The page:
Vozrozhdeniye (translated "Rebirth") Island lies in the
Aral sea between the former Soviet Republics of Kazakhstan
and Uzbekistan. This remote spot once housed the world's
largest open-air test site for biological weapons.
From 1936 until 1991, Vozrozhdinye Island was part of the
Soviet Union’s secret biological weapons program. The island’s
isolated location and hot, dry climate made it the ideal
setting for aerosol testing of biological weapons. Surrounded
by the Aral Sea and its vast deserts, the island was relatively
invulnerable to unauthorized access. The surrounding sea, along
with the island’s hot temperatures and sandy soil, also reduced
the chances that the dangerous organisms released during tests
would be transmitted to the mainland.
Among the pathogens tested on Vozrozhdeniye Island were
the causative agents of anthrax, plague, and tularemia.
Strains of these bacteria had been engineered by Soviet
scientists to be resistant to multiple antibiotics and
In 1954, a biological weapons complex was constructed on
Vozrozhdeniye Island. An open-air test site was
constructed on the southern end of the Island, with a
laboratory complex located ten miles away. A military housing
settlement was built on the northern end of the island.
The prevailing winds on Vozrozhdeniye always blow from north to south,
probably influenced the selection of these locations, with the
protection of the residents in mind. From this satellite image
taken in the 1960’s, the layout of the BW complex
and residential settlement can be seen.
The biological weapons complex on Vozrozhdeniye Island is
suspected to have been comprised of more than 80 buildings.
The open-air test site included a weather station, observation
tower, and devices used to measure the concentration of biological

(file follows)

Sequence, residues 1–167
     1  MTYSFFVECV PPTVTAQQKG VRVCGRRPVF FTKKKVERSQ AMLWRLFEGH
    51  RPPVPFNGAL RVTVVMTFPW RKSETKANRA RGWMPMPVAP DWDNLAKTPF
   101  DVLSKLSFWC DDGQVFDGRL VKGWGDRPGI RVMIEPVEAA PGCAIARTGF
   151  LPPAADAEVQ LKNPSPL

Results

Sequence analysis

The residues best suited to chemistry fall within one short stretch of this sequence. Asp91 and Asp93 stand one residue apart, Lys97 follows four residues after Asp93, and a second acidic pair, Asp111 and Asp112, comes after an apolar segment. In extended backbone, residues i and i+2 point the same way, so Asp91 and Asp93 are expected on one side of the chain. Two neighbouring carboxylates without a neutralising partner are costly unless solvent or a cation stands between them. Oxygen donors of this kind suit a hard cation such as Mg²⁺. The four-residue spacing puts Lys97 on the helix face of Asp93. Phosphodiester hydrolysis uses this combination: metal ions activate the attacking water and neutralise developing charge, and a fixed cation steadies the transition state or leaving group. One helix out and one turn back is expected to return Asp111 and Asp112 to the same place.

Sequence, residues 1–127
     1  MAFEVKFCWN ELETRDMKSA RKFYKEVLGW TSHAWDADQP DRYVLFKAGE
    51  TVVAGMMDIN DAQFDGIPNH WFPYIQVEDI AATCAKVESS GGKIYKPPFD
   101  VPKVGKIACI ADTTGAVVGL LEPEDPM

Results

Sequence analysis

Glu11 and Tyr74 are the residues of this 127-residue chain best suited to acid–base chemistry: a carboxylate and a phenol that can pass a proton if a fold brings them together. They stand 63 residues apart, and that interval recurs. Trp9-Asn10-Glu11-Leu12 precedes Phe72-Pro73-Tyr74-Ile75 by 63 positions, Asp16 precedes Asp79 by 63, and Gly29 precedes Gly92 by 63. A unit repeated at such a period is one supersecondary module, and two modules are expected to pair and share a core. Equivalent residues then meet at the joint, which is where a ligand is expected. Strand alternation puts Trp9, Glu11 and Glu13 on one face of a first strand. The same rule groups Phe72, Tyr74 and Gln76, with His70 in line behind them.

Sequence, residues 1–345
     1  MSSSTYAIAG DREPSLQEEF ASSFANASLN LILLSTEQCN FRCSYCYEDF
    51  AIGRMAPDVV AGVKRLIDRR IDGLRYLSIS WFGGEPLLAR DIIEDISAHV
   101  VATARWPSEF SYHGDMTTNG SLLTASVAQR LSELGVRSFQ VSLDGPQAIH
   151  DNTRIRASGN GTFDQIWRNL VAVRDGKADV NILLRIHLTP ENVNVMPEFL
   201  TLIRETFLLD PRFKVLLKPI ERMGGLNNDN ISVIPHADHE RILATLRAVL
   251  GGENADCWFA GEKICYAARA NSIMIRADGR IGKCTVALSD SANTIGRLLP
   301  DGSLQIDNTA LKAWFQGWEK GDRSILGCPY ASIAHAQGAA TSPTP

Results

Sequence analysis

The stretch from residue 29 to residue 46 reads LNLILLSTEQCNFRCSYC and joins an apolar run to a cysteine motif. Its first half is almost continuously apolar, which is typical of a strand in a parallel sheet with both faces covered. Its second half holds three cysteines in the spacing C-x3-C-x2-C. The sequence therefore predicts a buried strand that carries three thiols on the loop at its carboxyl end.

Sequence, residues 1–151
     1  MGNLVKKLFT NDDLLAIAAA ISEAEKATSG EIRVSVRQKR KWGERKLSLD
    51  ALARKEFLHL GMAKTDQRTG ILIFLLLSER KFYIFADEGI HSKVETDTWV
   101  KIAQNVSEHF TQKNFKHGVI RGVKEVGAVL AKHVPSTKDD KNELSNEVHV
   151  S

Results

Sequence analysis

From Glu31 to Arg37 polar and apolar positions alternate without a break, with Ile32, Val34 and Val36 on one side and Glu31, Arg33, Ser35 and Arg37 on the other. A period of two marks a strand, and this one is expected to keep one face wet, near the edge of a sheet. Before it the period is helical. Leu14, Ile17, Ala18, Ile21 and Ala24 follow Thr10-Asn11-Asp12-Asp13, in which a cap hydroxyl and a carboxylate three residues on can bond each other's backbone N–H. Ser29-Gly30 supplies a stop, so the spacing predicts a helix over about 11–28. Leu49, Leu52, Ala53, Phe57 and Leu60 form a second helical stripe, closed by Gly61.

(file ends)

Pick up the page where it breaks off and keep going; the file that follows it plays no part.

particles in the air. The laboratory complex contained high-containment
facilities designed for work with dangerous pathogens, as well as cages
for the animals used in experiments to test the effects of biological weapons.
The military settlement on the opposite end of the
island housed scientists, military personnel, and some
of their families. The settlement included military barracks,
residential housing, an elementary school, nursery school,
cafeteria, warehouses, and a power station. During the peak
testing periods from April through August in its operative years,
up to 800 scientists and troops
were stationed on Vozrozhdeniye Island.
At the BW complex, experiments were conducted on horses,
monkeys, sheep, donkeys, and rodents to study the
physical effects of aerosol biological weapons. Animals
were exposed to biological aerosols at the open air
test site, and then returned to the laboratory to
monitor the progression of disease. Autopsies were
performed on the animals after they died. Military
vehicles were also used in tests to determine their
defensive capabilities against biological warfare.
Still other tests were aimed at observing the dissemination
patterns of biological aerosol clouds.
In the 1980’s, the governments of the United States and
Britain became increasingly convinced that the Soviet Union
possessed a biological weapons program. When confronted
with their accusations, then leader Mikhail Gorbachev
denied the existence of such a program, and invited Western
experts to tour Soviet scientific facilities as proof.
Gorbachev then ordered the large stores of anthrax bacteria
held near Irkutsk be buried, to avoid discovery by an
The anthrax bacteria, estimated between 100 and 200 tons,